Isn't one better than none?

PUBLISHED: 10:57 07 February 2008 | UPDATED: 21:20 26 October 2009

SIR - In the recent weeks, there have been numerous letters by outraged local WGC people following the announced closure of the QE2 Hospital (Downgrading - Editor). Most of the letters have a theme - that Hatfield and WGC will be left without adequate me

SIR - In the recent weeks, there have been numerous letters by outraged local WGC people following the announced closure of the QE2 Hospital (Downgrading - Editor).

Most of the letters have a theme - that Hatfield and WGC will be left without adequate medical services.

When I first heard about the proposed closure of my local hospital last summer, I too was shocked and upset.

My four lovely children were all born at the QE2 and over the last 15 years, my family have been regular visitors to the A and E department with the children's many "incidents" (wasp stings, broken limbs, cuts, strange rashes).

Interested in healthcare (I work in the pharmaceutical industry) I wanted to understand the reasons for the decision to close either the QE2 or Lister and how it would affect my family.

So I looked on the NHS website (www.enherts-pct.nhs.uk/consultation) and found the outcome of the public consultation, including details of what is planned for the hospital site selected for closure - now known to be the QE2.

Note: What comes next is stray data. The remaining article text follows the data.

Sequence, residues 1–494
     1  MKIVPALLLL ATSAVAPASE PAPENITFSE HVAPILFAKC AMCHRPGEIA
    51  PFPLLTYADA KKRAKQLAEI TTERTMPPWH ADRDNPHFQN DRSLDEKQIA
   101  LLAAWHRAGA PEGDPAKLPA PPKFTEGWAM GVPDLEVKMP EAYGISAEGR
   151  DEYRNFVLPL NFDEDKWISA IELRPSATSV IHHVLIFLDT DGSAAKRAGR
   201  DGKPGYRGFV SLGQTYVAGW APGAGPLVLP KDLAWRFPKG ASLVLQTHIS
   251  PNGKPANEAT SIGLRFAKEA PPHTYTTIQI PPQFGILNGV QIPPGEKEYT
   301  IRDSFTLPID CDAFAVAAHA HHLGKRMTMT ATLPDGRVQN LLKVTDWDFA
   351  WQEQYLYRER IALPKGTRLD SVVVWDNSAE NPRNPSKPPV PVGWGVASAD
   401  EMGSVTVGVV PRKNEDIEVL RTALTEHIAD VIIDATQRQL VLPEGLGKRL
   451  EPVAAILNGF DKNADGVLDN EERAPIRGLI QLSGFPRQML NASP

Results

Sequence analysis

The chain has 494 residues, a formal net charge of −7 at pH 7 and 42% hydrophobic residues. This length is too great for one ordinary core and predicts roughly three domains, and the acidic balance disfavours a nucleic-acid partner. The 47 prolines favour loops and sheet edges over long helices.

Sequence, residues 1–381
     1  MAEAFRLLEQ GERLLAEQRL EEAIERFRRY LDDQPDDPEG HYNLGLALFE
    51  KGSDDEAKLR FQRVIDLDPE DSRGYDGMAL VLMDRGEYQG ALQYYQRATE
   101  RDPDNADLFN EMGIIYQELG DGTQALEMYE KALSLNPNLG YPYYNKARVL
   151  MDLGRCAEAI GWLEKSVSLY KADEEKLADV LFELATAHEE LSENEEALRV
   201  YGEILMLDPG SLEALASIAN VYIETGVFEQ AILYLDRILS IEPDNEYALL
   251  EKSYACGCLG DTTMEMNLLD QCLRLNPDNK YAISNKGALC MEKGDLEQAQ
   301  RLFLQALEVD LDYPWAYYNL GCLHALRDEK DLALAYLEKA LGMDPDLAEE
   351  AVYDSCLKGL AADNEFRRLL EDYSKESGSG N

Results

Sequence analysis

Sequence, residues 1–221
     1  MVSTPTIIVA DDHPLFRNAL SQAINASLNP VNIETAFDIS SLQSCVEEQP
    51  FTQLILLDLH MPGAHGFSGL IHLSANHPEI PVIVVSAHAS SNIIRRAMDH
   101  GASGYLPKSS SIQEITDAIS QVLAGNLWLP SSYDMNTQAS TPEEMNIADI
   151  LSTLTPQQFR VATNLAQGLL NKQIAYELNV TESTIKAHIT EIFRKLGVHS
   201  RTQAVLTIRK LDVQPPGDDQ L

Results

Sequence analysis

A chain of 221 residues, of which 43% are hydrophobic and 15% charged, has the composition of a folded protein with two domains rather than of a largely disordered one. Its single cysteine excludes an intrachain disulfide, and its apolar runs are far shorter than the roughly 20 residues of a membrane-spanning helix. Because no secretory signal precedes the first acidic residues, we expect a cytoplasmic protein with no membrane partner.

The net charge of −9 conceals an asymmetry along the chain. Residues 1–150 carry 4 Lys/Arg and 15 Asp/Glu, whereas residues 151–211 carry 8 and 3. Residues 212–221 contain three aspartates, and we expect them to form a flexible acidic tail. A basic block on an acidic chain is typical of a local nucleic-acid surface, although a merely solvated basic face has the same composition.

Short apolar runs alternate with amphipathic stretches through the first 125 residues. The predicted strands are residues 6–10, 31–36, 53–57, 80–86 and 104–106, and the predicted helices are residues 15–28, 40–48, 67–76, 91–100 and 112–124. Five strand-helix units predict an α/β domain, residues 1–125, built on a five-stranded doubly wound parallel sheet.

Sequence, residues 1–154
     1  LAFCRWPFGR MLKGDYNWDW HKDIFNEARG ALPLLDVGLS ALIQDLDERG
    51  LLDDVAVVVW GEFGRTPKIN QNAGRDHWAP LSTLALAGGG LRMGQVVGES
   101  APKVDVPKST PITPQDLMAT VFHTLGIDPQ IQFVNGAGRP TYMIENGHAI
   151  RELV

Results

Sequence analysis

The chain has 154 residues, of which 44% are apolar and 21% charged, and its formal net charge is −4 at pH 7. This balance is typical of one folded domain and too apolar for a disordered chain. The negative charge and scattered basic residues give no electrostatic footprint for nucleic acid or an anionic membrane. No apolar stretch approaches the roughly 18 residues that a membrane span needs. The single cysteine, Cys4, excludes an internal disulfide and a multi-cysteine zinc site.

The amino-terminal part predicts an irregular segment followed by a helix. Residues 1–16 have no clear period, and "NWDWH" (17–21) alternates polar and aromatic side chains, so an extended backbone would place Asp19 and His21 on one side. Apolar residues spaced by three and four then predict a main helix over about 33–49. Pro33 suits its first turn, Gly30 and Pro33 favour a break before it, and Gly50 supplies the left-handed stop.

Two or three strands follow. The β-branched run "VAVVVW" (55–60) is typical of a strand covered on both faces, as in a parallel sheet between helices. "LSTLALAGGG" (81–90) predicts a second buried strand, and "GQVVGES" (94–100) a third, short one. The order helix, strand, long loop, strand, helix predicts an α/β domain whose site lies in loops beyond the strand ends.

I'm sure some of consultation information could have been better publicised so we, the patients, really do understand what we will and will not lose - hence my letter.

From my reading of the consultation document, WGC/Hatfield will have a brand new general hospital, probably in the same place (hopefully with much better car parking!).

It will have a form of A and E department (called an urgent care centre) where two-thirds of regular trips to casualty can be handled.

There will be X-ray, MRI, ultrasound, setting of straightforward bone breaks, suturing of wounds, etc - it just won't be capable of coping with major road accidents or cases that potentially need specialist medical attention.

So now add in that the new facility is planned to have pre/postnatal care and most likely a midwife led maternity unit (probably not - editor), and my family would be able to keep our "season ticket" to our local hospital.

This left me with only one real gripe, the time taken to get to the major hospital for life-threatening situations.

But, if I accept that there never is going to be sufficient NHS funds to bring both the QE2 and the Lister up to today's standard of modern clinical excellence, then isn't it better to have one than none ?

Susan Fowles, Welwyn.

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